- See also: Rail travel in India
In the novel, Phileas Fogg finds out that the Trans-Indian railroad is 50 miles short of completion between Kholby and 8 Allahabad, and therefore has to ride an elephant through the jungle. He and Passepartout also rescue a young Parsi woman named Aouda from suttee (suicide on her husband's funeral pyre) and bring her along on their journey. Fogg was nevertheless able to make it to Allahabad in time to catch the train bound for 9 Calcutta.
The 2000 km from Mumbai to Kolkata is now 27–38 hours by train, or 33 hours by road. Today's travellers don't need to purchase and ride elephants.
Fogg reaches Calcutta in time to catch the Rangoon bound for Hong Kong. The Rangoon stops in 10 Singapore to take on coal, during which Fogg disembarks with Aouda for a horse carriage ride through Singapore, before going on to 11 Hong Kong.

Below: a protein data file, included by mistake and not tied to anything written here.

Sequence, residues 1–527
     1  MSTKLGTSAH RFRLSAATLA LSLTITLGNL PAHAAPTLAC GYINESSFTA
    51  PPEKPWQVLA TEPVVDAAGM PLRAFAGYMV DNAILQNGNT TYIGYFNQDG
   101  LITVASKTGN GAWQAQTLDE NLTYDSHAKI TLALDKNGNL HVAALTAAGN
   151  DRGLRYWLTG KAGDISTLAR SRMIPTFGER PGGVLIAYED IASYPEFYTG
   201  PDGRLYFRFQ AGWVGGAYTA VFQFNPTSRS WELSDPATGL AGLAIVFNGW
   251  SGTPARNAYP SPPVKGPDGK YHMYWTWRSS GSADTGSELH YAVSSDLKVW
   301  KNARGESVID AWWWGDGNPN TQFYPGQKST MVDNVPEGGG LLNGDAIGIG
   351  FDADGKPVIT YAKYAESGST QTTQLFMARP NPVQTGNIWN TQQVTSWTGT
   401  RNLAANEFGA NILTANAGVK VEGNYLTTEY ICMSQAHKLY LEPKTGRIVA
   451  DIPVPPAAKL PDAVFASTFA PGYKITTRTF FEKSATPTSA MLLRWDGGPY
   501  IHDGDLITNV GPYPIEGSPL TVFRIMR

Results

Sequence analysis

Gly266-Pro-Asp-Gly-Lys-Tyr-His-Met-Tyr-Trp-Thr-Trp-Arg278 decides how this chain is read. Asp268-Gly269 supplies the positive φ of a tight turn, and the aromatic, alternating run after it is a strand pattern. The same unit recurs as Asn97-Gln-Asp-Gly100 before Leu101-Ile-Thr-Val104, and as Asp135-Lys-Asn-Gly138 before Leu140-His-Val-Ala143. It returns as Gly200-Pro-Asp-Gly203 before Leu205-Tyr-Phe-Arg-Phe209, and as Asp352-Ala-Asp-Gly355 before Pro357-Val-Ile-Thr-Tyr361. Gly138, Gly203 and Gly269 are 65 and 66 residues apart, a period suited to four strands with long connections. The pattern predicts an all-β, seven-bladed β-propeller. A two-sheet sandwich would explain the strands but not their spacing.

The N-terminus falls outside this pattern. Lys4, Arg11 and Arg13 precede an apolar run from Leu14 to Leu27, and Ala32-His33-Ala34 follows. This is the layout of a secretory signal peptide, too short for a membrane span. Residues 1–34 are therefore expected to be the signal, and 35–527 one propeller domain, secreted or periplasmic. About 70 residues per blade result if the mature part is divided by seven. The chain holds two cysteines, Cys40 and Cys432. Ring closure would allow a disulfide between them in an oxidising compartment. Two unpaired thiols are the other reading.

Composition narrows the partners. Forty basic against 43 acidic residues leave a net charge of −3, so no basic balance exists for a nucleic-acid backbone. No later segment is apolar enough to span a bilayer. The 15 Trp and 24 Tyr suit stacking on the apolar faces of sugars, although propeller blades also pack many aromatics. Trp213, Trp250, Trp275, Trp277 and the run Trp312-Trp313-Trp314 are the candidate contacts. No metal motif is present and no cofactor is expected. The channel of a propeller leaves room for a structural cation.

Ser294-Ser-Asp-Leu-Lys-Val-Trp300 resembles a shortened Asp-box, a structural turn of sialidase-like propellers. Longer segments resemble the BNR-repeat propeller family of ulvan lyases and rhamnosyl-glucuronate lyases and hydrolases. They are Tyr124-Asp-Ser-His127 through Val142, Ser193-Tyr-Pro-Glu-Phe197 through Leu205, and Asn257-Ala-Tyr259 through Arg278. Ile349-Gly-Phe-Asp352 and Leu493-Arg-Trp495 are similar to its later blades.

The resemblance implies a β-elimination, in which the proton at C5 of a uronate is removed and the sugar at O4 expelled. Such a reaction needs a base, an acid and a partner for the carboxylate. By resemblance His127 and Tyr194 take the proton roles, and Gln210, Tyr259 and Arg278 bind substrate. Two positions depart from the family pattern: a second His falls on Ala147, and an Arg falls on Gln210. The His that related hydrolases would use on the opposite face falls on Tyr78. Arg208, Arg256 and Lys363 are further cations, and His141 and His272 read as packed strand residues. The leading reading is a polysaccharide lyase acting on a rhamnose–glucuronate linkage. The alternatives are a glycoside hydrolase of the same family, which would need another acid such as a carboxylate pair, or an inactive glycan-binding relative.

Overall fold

Going via Singapore is not the shortest path since China borders India. Unfortunately the border is disputed, the border area is very mountainous, and road infrastructure is quite limited. The only open border crossing between China and India is only open to traders (and not to tourists). The route therefore must make a lengthy detour via a third country, or go by air or sea. Freight ships do frequently ply the route taken by Fogg, but there's likely no passenger ship as direct flights to Hong Kong take about four hours.